Yesterday my Year 9 class were finishing up our Ecosystems unit in anticipation of quickly moving onto our next unit, Splitting the Atom. We have our half yearly exam coming up very soon so I wanted us to do a revision activity but without spending a whole slab of precious class time on it. Enter the SOLO hexagons!
Now I’ve talked before about using the SOLO hexagon activity in class, with some examples of how I’ve used them. But when I’ve done these activities, I’ve used the small hexagon template and had the students write on the hexagons and cut them out with scissors. The good and bad thing about this, though, is that it can be time consuming to get the students to build solid connections between ideas.
So what I’ve done this time around (with the gracious help of our lab assistant) is to use the large hexagon template (which has 2 per page), cut them out and laminated them. I also had a brainwave and stuck some magnetic tape on the back. The lamination means that you can write on them with whiteboard markers and erase them. The magnetic tape allows you to stick them up onto the whiteboard and make a whole-class tessellation!
I asked the students to write one idea, word, concept relating to our Ecosystems unit and then take turns to put them up on the board, connecting their idea to the ideas already up there. Here’s a photo of their efforts:
At the end we had a few clusters of ideas that I wanted us to recognise, so I wrote those subheadings based on the students’ suggestions.
All up, this activity took 10 minutes tops! Now admittedly we have done the hexagon activity a few times now, so they have some experience and know the format by now, but it was a productive and efficient way to summarise our ideas. There were a lot of ideas not represented (can you tell that we’ve covered the water cycle most recently?) but it was a helpful way to cap things off.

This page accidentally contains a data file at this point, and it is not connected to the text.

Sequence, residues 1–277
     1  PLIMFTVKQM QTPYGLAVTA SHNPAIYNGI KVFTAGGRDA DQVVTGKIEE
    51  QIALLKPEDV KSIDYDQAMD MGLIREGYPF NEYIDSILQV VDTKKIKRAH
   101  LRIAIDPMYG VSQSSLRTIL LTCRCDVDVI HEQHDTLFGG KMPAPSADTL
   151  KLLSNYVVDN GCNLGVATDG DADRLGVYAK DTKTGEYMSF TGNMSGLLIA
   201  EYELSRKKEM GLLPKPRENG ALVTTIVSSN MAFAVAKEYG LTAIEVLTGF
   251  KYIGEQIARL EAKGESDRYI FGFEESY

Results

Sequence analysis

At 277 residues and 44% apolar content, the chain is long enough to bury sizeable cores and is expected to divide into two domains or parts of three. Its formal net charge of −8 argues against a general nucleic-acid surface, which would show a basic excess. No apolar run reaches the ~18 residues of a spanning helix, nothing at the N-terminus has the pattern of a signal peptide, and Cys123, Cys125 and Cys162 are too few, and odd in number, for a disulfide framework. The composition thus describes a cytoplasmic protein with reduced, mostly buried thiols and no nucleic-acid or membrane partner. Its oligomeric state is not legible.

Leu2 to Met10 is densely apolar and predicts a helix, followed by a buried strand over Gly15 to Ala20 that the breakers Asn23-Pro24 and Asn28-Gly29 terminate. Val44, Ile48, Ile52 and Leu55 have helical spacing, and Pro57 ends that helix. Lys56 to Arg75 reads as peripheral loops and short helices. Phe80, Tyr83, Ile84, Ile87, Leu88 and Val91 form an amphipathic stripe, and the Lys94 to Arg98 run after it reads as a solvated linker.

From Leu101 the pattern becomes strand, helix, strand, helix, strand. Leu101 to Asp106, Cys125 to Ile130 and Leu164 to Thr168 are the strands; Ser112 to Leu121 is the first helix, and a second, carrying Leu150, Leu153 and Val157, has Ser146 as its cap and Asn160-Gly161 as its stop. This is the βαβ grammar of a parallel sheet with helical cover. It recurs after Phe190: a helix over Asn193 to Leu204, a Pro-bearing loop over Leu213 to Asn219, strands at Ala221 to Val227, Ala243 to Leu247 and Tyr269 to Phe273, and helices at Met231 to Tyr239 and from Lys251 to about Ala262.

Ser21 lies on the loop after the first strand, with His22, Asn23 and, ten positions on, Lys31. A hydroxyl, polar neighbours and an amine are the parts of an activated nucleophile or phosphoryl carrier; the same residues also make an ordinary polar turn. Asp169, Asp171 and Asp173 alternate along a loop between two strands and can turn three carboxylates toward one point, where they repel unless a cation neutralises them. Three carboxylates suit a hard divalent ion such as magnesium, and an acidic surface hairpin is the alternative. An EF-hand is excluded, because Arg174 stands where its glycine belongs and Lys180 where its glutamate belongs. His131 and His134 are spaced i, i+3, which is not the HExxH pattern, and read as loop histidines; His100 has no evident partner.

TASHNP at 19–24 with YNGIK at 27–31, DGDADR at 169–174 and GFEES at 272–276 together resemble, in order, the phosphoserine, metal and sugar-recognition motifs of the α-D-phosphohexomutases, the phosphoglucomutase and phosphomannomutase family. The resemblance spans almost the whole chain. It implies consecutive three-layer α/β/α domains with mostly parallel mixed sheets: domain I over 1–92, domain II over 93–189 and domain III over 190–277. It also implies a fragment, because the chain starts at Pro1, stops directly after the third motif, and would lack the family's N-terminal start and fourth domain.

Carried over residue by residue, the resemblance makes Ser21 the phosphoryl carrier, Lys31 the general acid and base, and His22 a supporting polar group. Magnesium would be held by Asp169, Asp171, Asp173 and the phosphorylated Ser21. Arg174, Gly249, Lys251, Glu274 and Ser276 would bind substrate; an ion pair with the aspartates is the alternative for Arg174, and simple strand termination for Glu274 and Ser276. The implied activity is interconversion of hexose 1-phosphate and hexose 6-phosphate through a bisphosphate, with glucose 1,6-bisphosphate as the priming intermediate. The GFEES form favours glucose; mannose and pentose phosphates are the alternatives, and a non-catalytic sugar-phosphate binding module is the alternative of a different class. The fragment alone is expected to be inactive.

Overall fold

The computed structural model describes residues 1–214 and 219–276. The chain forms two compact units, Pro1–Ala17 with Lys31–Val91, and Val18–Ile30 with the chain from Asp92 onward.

A word to the wise, though – it can be a lot harder to clean marker off laminate than an actual whiteboard!
Today I moved to the next level in my implementation of SOLO (see what I did there?). In my Year 9 class we were revising the concept of food chains and webs, which they covered in Year 8 but now with the Australian Curriculum has become a topic for Stage 5.
We’ve recently introduced SOLO, developing a familiarity with the five levels and completed a survey on attitudes to learning and intelligence and the growth mindset. It was now time to start to introduce the concepts of learning intentions and success criteria.
Learning intentions are a way of articulating to students the purpose and goals of the lesson. I realise that having goals for a lesson isn’t a new concept, but it is an important part of using SOLO in the classroom. They allow students a clear point of comparison at the end of the lesson when they reflect on their learning. If the students know at the start what they are setting out to accomplish, then they can more effectively gauge where their understanding is at at the end.
Success criteria are a way of outlining to the students what success looks like at each of the levels of SOLO, i.e. what does a relational understanding of a particular learning intention look like? Alice puts it really well when she describes them as follows: